Christians should remember the instruction of Jude 1:21-23 – keeping ourselves in the love of God, yet trying to rescue some from the burning of God’s judgment. It is not God’s will any perish, but all come to repentance. (2 Peter 3:9)
Followers of God are instructed to give cups of cold water in service of God. We are to serve others just as our Lord came to serve and give His life. We are to spend our time with sinners as our Lord did while He walked this earth. We are to let our Light (love of God) shine before men so they may see our good works and glorify our Father who is in Heaven. (Matthew 10:42, Mark 2:13-17, Matthew 5:16)
The problem in Ezekiel 9 was they said “The LORD has forsaken the land, and the LORD does not see!” It was this conclusion of the people that brought on God’s lack of pity, God’s judgment, and God giving what their conduct demanded.
Rather than throwing up our hands, turning our backs, and taking our toys home; let us recognize why God showed no compassion, judged, and gave them over. It was because the ones not “marked” had lost their vision of God. They said “the Lord has left us” and “the Lord doesn’t see”. In other words, God is dead, non-existent, and/or never existed. Like these people in Ezekiel 9, the LGBT community has forgotten God. We are responsible to help the LGBT community see God exists, we live in God’s world, and God will judge the living and the dead.
Our thoughts about the LGBT should be filled with grace and compassion. We were like them at one time, dead in our trespasses and sins, unaware of God. We were deserving of God’s wrath and judgement. Yet, while we were dead, the grace of God appeared and saved us. We should think of the LGBT as “in need of a Savior”. Jesus came into the world to save sinners. Jesus sent His followers into the world to immerse sinners in Himself. (Matthew 28:18-20; 1 Corinthians 6:11; Luke 6:31; 1 Timothy 1:15; Ephesians 2:12)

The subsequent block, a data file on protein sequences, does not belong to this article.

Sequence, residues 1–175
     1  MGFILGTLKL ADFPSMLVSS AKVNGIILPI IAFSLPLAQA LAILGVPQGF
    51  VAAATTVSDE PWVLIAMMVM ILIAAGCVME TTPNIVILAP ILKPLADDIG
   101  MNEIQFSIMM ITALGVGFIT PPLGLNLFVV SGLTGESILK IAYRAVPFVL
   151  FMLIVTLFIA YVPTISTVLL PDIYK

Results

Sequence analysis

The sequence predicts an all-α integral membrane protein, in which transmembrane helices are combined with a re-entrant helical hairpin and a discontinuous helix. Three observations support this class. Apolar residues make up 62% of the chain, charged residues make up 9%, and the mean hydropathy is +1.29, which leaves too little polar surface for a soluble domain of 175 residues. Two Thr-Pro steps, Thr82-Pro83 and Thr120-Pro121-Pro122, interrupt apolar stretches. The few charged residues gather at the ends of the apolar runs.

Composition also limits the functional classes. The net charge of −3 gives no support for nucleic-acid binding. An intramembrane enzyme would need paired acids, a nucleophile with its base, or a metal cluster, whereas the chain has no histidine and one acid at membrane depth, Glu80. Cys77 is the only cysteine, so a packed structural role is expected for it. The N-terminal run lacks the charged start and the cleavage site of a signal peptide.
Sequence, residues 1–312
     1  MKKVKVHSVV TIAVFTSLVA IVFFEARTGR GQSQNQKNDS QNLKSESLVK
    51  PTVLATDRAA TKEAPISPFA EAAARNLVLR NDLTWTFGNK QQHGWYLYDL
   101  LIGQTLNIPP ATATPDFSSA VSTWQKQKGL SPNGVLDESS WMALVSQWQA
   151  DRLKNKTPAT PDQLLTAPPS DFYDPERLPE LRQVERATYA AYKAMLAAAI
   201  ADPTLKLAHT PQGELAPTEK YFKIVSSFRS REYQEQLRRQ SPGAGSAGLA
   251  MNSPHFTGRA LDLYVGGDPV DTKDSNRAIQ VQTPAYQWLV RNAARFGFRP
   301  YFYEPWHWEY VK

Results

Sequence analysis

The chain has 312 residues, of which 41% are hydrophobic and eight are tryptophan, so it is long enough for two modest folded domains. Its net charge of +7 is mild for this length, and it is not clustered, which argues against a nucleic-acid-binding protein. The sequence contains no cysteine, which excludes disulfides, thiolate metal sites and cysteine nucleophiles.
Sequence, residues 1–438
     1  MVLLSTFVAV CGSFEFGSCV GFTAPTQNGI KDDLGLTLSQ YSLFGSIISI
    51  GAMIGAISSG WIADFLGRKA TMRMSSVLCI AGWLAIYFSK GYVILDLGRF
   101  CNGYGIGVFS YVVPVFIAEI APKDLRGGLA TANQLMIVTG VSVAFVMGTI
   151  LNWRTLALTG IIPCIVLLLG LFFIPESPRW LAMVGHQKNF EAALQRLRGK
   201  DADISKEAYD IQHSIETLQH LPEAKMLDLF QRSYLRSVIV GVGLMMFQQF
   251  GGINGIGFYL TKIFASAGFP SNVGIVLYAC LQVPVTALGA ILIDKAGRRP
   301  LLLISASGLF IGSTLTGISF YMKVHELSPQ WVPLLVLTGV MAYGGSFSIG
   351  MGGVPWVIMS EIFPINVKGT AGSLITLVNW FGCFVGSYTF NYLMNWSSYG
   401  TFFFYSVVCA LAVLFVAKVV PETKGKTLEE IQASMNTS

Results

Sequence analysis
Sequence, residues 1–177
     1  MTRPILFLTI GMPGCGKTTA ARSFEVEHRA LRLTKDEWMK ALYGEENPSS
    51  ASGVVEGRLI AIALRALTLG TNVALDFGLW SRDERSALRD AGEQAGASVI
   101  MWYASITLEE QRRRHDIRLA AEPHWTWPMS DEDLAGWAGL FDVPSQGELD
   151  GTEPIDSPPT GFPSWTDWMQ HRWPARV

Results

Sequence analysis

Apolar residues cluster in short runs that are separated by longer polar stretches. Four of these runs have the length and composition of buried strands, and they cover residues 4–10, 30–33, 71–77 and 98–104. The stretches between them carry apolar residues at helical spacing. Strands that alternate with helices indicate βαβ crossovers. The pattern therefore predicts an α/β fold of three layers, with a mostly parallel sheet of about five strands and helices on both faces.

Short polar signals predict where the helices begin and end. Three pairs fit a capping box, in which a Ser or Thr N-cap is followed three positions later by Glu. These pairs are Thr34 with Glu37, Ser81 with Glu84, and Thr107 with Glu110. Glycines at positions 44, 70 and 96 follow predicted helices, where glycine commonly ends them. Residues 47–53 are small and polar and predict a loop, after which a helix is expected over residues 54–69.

Is there an example in the Bible from which we can learn?
Yes, there is an example in John 11 which provides us a wonderful path to follow. It is the story of Mary and Martha sending word to Jesus the fact their brother, whom Jesus loved, was sick. Their intention was for Jesus to come quickly. He could keep their brother from dying. After 4 days of their brother being in the tomb with the rock over the opening, Jesus shows up. Martha met him doubting He would be of any help to them now. Mary also had the same conclusion. The sisters questioned why their LORD had not come sooner. He could have done something about all this if He had shown up earlier. The sisters confessed they knew Jesus was the Savior, the Son of God, and could do anything.
As Jesus approached the tomb where Lazarus laid dead, he was visibly shaken and wept. His countenance was affected by the horror of unbelief. On two separate occasions when death seemed to be winning, Jesus showed great distress. The people concluded Jesus was shaken because he loved Lazarus so much. The on-lookers conclusion was misinformed because of their unbelief. The people’s lack of understanding God was in their land and God saw the need generated Jesus’ sighing and crying.
Jesus ordered the stone be removed. There was great protest from Martha because of the stench. Jesus insisted, the stone was rolled away, and Lazarus was raised to live again. The glory of God prevailed, it was evident God was in the land, and God saw. Because of Jesus’ raising Lazarus from the dead, many believed in Him.
We can learn some lessons from this Scripture and relate it to the Christian reaction to the LGBT Holiday movies.
- God may seem to be late on the scene and the LGBT community may be in the grave for 4 days with the rock over the door . . . too far gone.
- God desires to resurrect those of the LGBT community who will turn to Him in repentance and receive His gift of life.
- We may have to put up with some “stench” when the rock of the tomb is rolled away for God to resurrect.
- People may misinterpret our visible reactions to the LGBT community as the bystanders misinterpreted the reaction of Jesus at the tomb of Lazarus. He was visibly shaken for their unbelief and the people called it “love for the dead”.
- God is glorified when individuals of the LGBT community receive resurrected life through Christ Jesus.
- Many will believe in God for eternal life.
This Holiday season show visible, heart-felt groans and cries for people in the LGBT community. Compassionately help them see the horror of God’s judgement. Provide them a way to escape the coming wrath of God. Remember you were once in their shoes, but you were washed by the blood of Jesus for the removal of your sin. Offer them a washing in the crimson flow that washes away all their sin, makes them whole, and gives them eternal enrollment in life forever. That is the “belonging” that will satisfy.
Written By: Anne Gurley